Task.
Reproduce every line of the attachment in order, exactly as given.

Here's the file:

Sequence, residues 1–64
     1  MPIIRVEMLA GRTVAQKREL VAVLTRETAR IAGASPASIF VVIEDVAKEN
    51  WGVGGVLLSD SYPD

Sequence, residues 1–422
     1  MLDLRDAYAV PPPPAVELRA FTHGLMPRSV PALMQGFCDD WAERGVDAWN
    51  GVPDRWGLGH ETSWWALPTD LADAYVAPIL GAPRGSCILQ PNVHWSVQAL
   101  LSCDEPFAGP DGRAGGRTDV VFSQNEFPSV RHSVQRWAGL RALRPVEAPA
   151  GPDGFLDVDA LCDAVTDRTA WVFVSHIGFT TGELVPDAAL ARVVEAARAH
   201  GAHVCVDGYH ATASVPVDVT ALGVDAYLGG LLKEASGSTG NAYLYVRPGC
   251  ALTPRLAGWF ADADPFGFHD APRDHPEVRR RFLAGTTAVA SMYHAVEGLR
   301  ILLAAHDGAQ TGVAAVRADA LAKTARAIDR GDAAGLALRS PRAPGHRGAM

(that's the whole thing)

Sequence, residues 1–64
     1  MPIIRVEMLA GRTVAQKREL VAVLTRETAR IAGASPASIF VVIEDVAKEN
    51  WGVGGVLLSD SYPD

Sequence, residues 1–422
     1  MLDLRDAYAV PPPPAVELRA FTHGLMPRSV PALMQGFCDD WAERGVDAWN
    51  GVPDRWGLGH ETSWWALPTD LADAYVAPIL GAPRGSCILQ PNVHWSVQAL
   101  LSCDEPFAGP DGRAGGRTDV VFSQNEFPSV RHSVQRWAGL RALRPVEAPA
   151  GPDGFLDVDA LCDAVTDRTA WVFVSHIGFT TGELVPDAAL ARVVEAARAH
   201  GAHVCVDGYH ATASVPVDVT ALGVDAYLGG LLKEASGSTG NAYLYVRPGC
   251  ALTPRLAGWF ADADPFGFHD APRDHPEVRR RFLAGTTAVA SMYHAVEGLR
   301  ILLAAHDGAQ TGVAAVRADA LAKTARAIDR GDAAGLALRS PRAPGHRGAM